may we all find a better day.

  15. Jacob says:

    I felt before looking at this article that central banks might step in tomorrow. But looking at the charts, many are around key resistance points. With the way Friday markets behaved, they have to step in Monday to restore order!!
    I still think this goes Zimbabwe, and the dollar crashes, not markets

    • YuShan says:

      Imo, it is possible it could eventually go Zimbabwe, but that won’t happen before making some very a serious attempts to save the currency (even it it requires crashing stocks). They will do a Volcker if required.

      Even the Fed understands that the way the American economy is structured, it relies on the US$ remaining a viable currency. And the only levers the Fed has to have any influence on the economy at all also require that.

      The Fed members will silently sell their stocks, perhaps buy gold, and then do what is necessary.

      • Augustus Frost says:

        It’s as close to a slam dunk that the economy and markets will be thrown under the bus to save the USD when it’s deemed necessary. The Empire requires it and (practically) everything else will be sacrificed to defend it.

        The FRB doesn’t exist in a vacuum, but you are correct, USD is the basis of its power, and they aren’t going to voluntarily commit institutional suicide to “print to infinity”.

        That will come later when all other options have been exhausted.

        • Nick Kelly says:

          The Empire requires it and (practically) everything else will be sacrificed to defend it.

          The economy, society, and we require it. The English speaking world has never had a currency collapse. They aren’t pretty and usually presage a societal collapse and internal revolution,
          ‘Oh bring it’ will say a few commenters.

          Uh huh. That prepper fantasy goes downhill real fast.

        • 91B20 1stCav (AUS) says:

          Nick-seems a lot of people have never heard of Gil Scott-Heron, perhaps thinking that the many visual templates provided by our contemporary entertainment are all they need to know while awaiting the end of the mini-series…

          may we all find a better day.

      • Jake W says:

        i agree with that. if destroying the currency is the line, they’ll step as close to it as they can, but they wouldn’t dare actually step over it.

        • AK says:

          IMHO US government has already undermined USD by showing willingness to use it as a financial weapon. This time it was used against major antagonist of United States, but all other countries in the world took notice, particularly the countries that aspire to be independent from United States (India, for example). The USD is no longer an ironclad way to store one’s wealth – it could be sanctioned whenever US government feels it suits it needs.

        • Nick Kelly says:

          The sanctions on Russia are being applied by most countries and all with reserve currencies except China if you want to call yuan a reserve currency, So which currency is your new clean shirt?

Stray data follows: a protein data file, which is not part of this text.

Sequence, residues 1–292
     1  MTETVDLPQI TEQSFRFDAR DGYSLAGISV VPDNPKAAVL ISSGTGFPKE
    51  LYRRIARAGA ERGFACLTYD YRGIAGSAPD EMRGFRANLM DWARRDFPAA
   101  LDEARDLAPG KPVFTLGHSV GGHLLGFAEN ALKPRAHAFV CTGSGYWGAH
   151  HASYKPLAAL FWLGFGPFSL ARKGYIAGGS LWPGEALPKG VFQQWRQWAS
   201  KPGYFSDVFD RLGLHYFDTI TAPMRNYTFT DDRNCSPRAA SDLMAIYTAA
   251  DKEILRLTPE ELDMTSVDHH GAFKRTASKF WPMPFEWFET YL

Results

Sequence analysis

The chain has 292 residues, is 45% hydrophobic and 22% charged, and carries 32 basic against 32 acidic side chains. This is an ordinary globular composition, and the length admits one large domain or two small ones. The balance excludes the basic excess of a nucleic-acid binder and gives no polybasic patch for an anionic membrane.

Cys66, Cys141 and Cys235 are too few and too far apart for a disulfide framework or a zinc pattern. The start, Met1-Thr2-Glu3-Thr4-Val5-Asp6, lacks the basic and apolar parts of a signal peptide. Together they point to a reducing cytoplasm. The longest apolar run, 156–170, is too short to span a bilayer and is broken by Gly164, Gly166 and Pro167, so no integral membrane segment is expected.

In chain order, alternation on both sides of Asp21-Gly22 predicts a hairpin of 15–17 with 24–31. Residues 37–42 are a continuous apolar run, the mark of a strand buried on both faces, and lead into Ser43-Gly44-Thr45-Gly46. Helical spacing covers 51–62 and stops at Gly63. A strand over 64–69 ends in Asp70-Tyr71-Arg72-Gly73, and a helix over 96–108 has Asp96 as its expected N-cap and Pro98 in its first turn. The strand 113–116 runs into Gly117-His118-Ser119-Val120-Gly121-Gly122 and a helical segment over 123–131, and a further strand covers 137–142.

The sanctions are highly unusual, unique for Switzerland, as is the situation, with the largest displacement of a population in Europe since WWII.

      • Apple says:

        Stock market in Zimbabwe did very well while its currency was crashing.

  16. YuShan says:

    The US stock market has been quite unique in its outperformance over the past decades. Europe has been almost flat on balance. Japan is still far below its 1989 top.

    Of course much of EU markets is unattractive business like banking (blows up every now and then because of too much leverage) and energy / mining ( which are depleting businesses).

    US has had the benefit of a high “tech” content (high growth and insane valuations) and some serious monopolies (= high profit margins). The question is if that is sustainable going forward. I think not, but it has gone on for much longer than I thought possible.

    Some people argue that EU markets are not that expensive, but imo that reflects their poor fundamentals. I also expect that when the expensive US stock market crashes (or deflates in a more orderly manner), it will drag down all other stock markets down too, regardless of valuation. USA is about 60% of world stock market capitalization anyway.

  17. YuShan says:

    Btw: even with the S&P500 returns looking good relative to others, John Hussman points out that:

    “It bears repeating that the S&P 500 lagged Treasury bills from 1929-1947, 1966-1985, and 2000-2013. 50 years out of an 84-year period.”

  18. YuShan says:

    Another issue that has been bothering me for years is the effect of DE-globalization on stocks.

    While much (most?) stock market gains have come simply from multiples expansion (which will eventually mean-revert), the areas where we HAVE seen actual organic revenue growth is often in China and some emerging markets. What if that gets cut off?

    The way things are heading now with cutting countries off from SWIFT and embargoes on all kinds of goods and materials, it is likely that some countries will respond in kind.

    When will China ban iPhones, of which most profits leave their country? I’m also always surprised of the massive footprints that companies like P&G, Unilever, Danone, etc have in Asia. This isn’t high tech stuff that they cannot make themselves. Everybody can make shampoo and bottled water. There is lots of margin in the “brands”. What happens if countries decide they like to get these profits themselves?

    What if poor countries start nationalizing their mines? Sure this shrinks the pie for everybody, but that won’t stop a populist government from doing this if it wins them votes.